Select Filter

Select one or more filter categories.

Alumni Stories


At almost two metres tall, Marianna Tolo makes an impression. Her impact though, isn’t confined to the basketball court.

One of Australia’s leading basketball players – having played for the Opal’s, the University of Canberra Capitals, and even the WNBA in the United States – Marianna has emerged as an important advocate for a range of social justice issues.

She has called out social injustice within basketball, calling for support and recognition for black and Aboriginal and Torres Strait Islander players. Marianna is also a vocal supporter of the campaign against gender-based violence.

Marianna has built the confidence to use her voice for good and to speak out on issues like these throughout her career. As her status in the basketball community has expanded, so too has her impact.

“Being an advocate for women's sport is something that naturally fell into my lap,” says Marianna.

“I have invested many years into the sport that I love and I can see its worth, but I believe many people are yet to discover this. I get really heartbroken when I see more people at a one-off Hawks game, or a Globetrotters event than a home game, when we regularly have an amazing group of international role models right on our doorstep.”

Marianna led the charge on protesting wage disparity in sport – women have historically earned a fraction of the salaries taken home by their male counterparts. The campaign led to the establishment of a minimum wage for female players.

Utopia for her would be a world where no woman is afraid to voice their concerns when they see injustice.

“It is important for everyone to have a voice, and women have not always been heard. We represent around 50 per cent of the population, so we should have an equal voice.

"I know that the Canberra media has been great at this, and that is part of the reason for the UC Caps success. However, we can always do more.”

The UC Capitals success on the court has translated to record numbers of young women in Canberra taking up the sport. As a three-time WNBL champion, Marianna has been key to the success of the team – both on and off the court.

Personal success for Marianna includes the completion of a Bachelor of Sports, Coaching and Exercise Science at UC.

“I started my degree while at the Australian Institute of Sport in 2007. In 2008 I joined the Capitals, and fortunately I was granted a scholarship for my degree through UC’s connection with Basketball ACT at the time,” she says.

Part of the reason for doing the course was the belief that coupled with her sporting background, the degree would be useful for her future. Marianna’s curiosity also motivated her, with a desire to explore the different disciplines within sport.

“I started my degree with part-time study, only taking one or two subjects which enabled me to juggle basketball, work and uni. It was difficult and I found that time management and communication are very important skills, which I had to develop and utilise. I also had to travel overseas with the Australian team – but thankfully through the Elite Athlete Friendly Network, and with the help of UC and its staff, I was able to complete what was necessary.”

Beginning her degree was daunting at first. Marianna missed her Orientation Week because she was overseas playing basketball.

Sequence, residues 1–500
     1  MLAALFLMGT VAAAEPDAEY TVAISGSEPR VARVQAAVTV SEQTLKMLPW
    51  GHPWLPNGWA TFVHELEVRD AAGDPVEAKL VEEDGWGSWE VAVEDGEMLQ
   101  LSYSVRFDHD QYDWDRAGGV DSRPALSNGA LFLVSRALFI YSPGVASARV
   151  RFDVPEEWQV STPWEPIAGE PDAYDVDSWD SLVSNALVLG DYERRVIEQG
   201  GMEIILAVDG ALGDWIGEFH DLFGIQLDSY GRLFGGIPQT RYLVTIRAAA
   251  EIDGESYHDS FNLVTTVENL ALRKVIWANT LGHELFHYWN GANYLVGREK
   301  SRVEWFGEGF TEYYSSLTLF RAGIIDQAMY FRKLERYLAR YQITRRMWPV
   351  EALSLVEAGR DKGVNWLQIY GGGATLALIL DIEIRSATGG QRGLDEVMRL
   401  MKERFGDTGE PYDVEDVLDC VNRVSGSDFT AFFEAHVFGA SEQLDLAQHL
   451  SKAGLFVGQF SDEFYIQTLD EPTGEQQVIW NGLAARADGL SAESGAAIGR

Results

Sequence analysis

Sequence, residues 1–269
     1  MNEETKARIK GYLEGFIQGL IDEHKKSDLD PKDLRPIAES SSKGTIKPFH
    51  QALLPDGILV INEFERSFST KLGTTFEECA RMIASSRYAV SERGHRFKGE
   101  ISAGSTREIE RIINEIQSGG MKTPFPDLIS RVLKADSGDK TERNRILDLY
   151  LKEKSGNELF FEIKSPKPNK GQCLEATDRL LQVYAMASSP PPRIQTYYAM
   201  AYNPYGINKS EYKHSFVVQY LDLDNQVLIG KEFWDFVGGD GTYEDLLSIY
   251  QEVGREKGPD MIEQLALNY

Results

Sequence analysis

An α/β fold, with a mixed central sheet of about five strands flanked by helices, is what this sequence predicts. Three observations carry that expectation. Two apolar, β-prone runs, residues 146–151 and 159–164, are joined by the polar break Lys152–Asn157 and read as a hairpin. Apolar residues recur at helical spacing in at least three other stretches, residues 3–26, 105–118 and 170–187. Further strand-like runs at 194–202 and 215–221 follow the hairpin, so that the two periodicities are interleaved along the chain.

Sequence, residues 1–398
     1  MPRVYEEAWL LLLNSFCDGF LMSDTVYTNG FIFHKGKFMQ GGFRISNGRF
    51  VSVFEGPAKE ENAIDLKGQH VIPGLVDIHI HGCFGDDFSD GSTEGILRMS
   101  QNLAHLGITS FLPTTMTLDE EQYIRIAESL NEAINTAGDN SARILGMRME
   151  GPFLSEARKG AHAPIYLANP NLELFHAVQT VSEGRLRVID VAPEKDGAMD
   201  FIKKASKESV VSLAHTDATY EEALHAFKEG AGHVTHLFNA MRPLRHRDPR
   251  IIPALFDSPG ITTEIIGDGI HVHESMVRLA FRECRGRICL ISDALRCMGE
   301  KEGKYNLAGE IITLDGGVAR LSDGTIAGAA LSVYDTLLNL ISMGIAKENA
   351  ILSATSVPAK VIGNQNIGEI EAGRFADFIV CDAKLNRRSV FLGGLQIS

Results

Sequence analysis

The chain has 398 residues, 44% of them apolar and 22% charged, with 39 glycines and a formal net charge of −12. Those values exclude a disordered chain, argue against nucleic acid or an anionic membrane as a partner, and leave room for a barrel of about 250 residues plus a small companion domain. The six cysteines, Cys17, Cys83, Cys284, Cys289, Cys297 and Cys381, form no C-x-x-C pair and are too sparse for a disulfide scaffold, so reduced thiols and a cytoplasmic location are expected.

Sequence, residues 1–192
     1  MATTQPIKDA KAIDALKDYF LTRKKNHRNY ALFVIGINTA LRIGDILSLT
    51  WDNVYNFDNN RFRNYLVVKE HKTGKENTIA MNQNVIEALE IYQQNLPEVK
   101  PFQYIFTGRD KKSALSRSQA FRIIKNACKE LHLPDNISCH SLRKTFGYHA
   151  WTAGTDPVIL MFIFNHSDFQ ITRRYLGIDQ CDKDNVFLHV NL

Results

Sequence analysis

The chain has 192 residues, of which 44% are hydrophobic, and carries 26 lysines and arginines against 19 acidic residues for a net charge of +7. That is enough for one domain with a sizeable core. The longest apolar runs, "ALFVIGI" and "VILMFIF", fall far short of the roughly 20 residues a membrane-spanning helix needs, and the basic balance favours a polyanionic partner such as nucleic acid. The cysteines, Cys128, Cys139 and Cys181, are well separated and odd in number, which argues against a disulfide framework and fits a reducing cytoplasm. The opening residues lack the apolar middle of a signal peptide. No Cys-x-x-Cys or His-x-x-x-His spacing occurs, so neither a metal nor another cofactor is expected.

“Once I found my feet, got to know a few more students and familiarised myself with the facilities, I loved my time there,” she says.

As to how Marianna intends to use her degree post-basketball, there is still time to contemplate the future. But she is thoughtful and readily looks broadly, yet practically, at possible opportunities.

“Right now, I am enjoying being a professional athlete. I have always explored different opportunities while playing,” she says. “I think I will try and play for another four years or so, then see what happens. I might move into coaching or another field entirely. A degree is definitely useful, and I envisage that I will use it in the future.”

For Marianna, the UC experience has been entirely positive and it isn’t over just because she has graduated.

“I haven’t really left – the Capitals are based on the UC campus, so I train there for half the year,” she says.

Marianna’s impact on UC, on basketball, and the wider community can’t be underestimated, as she encourages more women to find their voice. She continues to lead by example.

Words by Tim Gavel, photo: supplied.

In this special 30th anniversary series, UnCover is sharing the inspiring stories of UC staff, students, and alumni.

Know someone with a great story? Send their details to

Alumni Stories

The future of sport in Australia

University of Canberra alumnus Matt Bialkowski has an interesting perspective on how Australia's future of sport is playing out.

Dhunning - Indigenous Impact

Adam Doyle – a passion for physio

University of Canberra graduate Adam Doyle is the first Indigenous graduate from the Bachelor of Physiotherapy course and hopes that he can make a difference in remote Aboriginal communities.

Alumni Stories

UC's 30th anniversary: becoming a leader in Australian sport

Combining university studies with the work required to be the number one swimmer in the world came with great challenges, but University of Canberra alumna Petria Thomas dove headfirst into the chaos.

Community Connections

In celebration of the circle of life

Alicia Bird is realising her lifelong calling at UC – she crystallised her love for aged care nursing here as an undergrad, and is now out to empower a new generation of student nurses with respect and understanding.